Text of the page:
The disciples were not endowed with the courage and fortitude of the martyrs until such grace was needed. Then the Saviour's promise was fulfilled. When Peter and John testified before the Sanhedrin council, men "marvelled; and they took knowledge of them, that they had been with Jesus." Acts 4:13. Of Stephen it is written that "all that sat in the council, looking steadfastly on him, saw his face as it had been the face of an angel." Men "were not able to resist the wisdom and the spirit by which he spake." Acts 6:15, 10. And Paul, writing of his own trial at the court of the Caesars, says, "At my first defence no one took my
part, but all forsook me. . . . But the Lord stood by me, and strengthened me; that through me the message might be fully proclaimed, and that all the Gentiles might hear: and I was delivered out of the mouth of the lion." 2 Tim. 4:16, 17, R. V.
The servants of Christ were to prepare no set speech to present when brought to trial. Their preparation was to be made day by day in treasuring up the precious truths of God's word, and through prayer strengthening their faith. When they were brought into trial, the Holy Spirit would bring to their remembrance the very truths that would be needed.
A daily, earnest striving to know God, and Jesus Christ whom He has sent, would bring power and efficiency to the soul. The knowledge obtained by diligent searching of the Scriptures would be flashed into the memory at the right time. But if any had neglected to acquaint themselves with the words of Christ, if they had never tested the power of His grace in trial, they could not expect that the Holy Spirit would bring His words to their remembrance. They were to serve God daily with undivided affection, and then trust Him.
So bitter would be the enmity to the gospel that even the tenderest earthly ties would be disregarded. The disciples of Christ would be betrayed to death by the members of their own households. "Ye shall be hated of all men for My name's sake," He added; "but he that shall endure unto the end, the same shall be saved." Mark 13:13. But He bade them not to expose themselves unnecessarily to persecution. He Himself often left one field of labour for another, in order to escape from those who were seeking His life. When He was rejected at Nazareth, and His own townsmen tried to kill Him, He went down to Capernaum, and there the people were astonished at His teaching; "for His word was with power." Luke 4:32. So His servants were not to be discouraged by persecution, but to seek a place where they could still labour for the salvation of souls.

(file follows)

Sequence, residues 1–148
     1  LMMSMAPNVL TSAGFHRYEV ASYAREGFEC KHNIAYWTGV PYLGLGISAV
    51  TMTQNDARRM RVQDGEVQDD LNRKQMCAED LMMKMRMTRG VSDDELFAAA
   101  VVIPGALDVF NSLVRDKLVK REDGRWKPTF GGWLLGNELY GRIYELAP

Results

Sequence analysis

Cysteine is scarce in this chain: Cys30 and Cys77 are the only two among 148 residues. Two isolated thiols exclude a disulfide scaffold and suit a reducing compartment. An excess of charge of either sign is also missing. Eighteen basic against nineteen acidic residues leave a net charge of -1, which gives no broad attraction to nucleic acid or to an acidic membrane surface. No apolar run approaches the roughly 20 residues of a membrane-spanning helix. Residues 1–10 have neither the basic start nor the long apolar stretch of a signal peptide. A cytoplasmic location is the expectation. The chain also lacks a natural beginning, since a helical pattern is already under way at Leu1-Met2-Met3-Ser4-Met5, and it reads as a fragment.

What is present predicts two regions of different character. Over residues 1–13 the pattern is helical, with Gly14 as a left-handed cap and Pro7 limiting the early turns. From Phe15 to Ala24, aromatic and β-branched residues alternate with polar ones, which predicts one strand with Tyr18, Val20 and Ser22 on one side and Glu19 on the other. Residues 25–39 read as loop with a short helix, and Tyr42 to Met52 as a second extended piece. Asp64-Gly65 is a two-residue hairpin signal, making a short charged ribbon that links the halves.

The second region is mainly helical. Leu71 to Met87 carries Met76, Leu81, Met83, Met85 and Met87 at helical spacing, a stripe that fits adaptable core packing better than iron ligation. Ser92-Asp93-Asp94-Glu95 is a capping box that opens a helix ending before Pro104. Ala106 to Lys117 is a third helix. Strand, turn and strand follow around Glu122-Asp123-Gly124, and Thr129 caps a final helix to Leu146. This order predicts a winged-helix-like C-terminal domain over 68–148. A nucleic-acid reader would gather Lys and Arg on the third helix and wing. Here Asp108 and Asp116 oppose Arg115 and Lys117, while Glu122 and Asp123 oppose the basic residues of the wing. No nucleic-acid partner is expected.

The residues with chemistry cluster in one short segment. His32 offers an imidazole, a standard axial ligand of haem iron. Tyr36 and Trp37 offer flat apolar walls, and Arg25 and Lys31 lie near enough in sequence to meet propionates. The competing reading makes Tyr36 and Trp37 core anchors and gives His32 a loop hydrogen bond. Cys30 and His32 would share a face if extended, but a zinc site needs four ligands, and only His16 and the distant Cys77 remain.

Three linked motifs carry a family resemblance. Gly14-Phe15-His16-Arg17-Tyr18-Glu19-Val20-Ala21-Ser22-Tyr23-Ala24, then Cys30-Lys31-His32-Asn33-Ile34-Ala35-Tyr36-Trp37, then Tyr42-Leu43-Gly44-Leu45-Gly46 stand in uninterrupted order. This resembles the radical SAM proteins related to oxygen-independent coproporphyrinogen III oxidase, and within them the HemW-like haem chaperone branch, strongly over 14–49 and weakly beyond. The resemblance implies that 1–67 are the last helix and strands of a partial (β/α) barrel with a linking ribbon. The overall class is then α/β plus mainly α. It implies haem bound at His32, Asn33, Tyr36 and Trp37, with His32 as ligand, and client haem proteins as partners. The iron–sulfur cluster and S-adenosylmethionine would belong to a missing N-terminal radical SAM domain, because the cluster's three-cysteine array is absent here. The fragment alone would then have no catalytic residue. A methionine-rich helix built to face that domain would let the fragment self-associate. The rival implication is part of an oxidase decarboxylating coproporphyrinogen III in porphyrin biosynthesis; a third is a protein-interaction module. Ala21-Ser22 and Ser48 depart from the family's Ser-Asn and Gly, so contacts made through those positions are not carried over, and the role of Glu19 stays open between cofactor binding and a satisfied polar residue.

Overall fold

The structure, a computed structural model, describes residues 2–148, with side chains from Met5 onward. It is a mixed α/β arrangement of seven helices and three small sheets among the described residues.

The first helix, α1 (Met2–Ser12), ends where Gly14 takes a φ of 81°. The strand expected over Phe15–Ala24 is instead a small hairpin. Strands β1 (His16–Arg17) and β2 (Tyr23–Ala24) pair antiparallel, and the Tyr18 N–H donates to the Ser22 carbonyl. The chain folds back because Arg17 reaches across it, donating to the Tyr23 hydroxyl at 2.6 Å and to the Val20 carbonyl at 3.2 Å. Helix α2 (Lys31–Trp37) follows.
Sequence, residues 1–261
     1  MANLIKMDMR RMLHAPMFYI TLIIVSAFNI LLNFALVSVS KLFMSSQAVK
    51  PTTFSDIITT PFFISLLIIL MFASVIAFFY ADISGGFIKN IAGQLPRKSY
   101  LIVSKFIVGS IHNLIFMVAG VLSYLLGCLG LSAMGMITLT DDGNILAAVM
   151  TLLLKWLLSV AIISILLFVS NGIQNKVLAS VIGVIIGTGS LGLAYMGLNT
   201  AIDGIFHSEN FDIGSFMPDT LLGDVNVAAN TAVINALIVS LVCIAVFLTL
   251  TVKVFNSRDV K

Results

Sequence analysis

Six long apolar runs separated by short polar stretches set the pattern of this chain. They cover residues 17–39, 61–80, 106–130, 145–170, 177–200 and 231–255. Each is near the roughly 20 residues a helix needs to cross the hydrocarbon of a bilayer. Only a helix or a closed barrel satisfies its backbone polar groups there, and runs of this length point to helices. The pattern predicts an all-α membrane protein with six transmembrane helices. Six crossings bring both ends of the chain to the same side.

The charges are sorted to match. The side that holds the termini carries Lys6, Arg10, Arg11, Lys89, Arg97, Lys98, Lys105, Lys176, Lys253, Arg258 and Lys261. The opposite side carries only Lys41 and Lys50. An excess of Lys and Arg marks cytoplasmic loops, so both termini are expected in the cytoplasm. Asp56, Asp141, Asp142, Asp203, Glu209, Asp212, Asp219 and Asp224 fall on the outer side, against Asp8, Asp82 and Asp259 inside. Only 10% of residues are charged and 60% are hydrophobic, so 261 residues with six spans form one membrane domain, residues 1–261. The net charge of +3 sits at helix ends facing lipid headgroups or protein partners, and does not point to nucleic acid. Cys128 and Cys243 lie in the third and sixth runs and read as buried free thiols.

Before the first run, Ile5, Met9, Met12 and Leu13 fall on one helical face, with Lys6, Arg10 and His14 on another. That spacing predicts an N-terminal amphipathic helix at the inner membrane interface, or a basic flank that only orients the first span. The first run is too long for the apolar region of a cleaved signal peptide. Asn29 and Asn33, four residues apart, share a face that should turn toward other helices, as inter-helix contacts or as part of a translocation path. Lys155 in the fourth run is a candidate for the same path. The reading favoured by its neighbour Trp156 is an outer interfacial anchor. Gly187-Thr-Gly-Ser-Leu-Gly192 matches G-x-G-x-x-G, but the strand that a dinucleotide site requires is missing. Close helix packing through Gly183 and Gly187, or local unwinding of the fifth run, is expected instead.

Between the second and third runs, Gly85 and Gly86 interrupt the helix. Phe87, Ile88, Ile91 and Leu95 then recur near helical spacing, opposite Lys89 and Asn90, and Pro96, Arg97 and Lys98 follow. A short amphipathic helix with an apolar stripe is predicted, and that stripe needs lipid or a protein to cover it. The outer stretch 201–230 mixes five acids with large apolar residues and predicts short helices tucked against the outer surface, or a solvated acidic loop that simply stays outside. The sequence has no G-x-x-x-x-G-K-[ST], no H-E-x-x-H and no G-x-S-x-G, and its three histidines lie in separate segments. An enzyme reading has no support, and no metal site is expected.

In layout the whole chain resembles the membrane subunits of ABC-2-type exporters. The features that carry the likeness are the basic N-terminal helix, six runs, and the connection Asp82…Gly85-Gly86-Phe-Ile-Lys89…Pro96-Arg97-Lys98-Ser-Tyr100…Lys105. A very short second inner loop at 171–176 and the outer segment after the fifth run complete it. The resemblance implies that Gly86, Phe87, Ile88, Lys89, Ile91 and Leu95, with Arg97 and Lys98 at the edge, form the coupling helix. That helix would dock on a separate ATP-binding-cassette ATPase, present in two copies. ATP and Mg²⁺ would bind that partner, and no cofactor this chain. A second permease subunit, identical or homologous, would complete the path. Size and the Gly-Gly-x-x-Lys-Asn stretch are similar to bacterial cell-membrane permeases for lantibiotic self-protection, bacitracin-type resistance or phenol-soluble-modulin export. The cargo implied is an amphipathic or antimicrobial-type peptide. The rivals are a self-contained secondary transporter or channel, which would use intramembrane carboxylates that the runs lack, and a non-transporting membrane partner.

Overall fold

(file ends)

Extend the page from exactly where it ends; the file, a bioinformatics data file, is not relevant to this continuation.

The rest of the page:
The servant is not above his master. The Prince of heaven was called Beelzebub, and His disciples will be misrepresented in like manner. But whatever the danger, Christ's followers must avow their principles. They should scorn concealment. They cannot remain uncommitted until assured of safety in confessing the truth. They are set as watchmen, to warn men of their peril. The truth received from Christ must be imparted to all, freely and openly. Jesus said, "What I tell you in darkness, that speak ye in light: and what ye hear in the ear, that preach ye upon the housetops."
Jesus Himself never purchased peace by compromise. His heart overflowed with love for the whole human race, but He was never indulgent to their sins. He was too much their friend to remain silent while they were pursuing a course that would ruin their souls,--the souls He had purchased with His own blood. He laboured that man should be true to himself, true to his higher and eternal interest. The servants of Christ are called to the same work, and they should beware lest, in seeking to prevent discord, they surrender the truth. They are to "follow after the things which make for peace" (Rom. 14:19); but real peace can never be secured by compromising principle. And no man can be true to principle without exciting opposition. A Christianity that is spiritual will be opposed by the children of disobedience. But Jesus bade His disciples, "Fear not them which kill the body, but are not able to kill the soul." Those who are true to God need not fear the power of men nor the enmity of Satan. In Christ their eternal life is secure. Their only fear should be lest they surrender the truth, and thus betray the trust with which God has honoured them.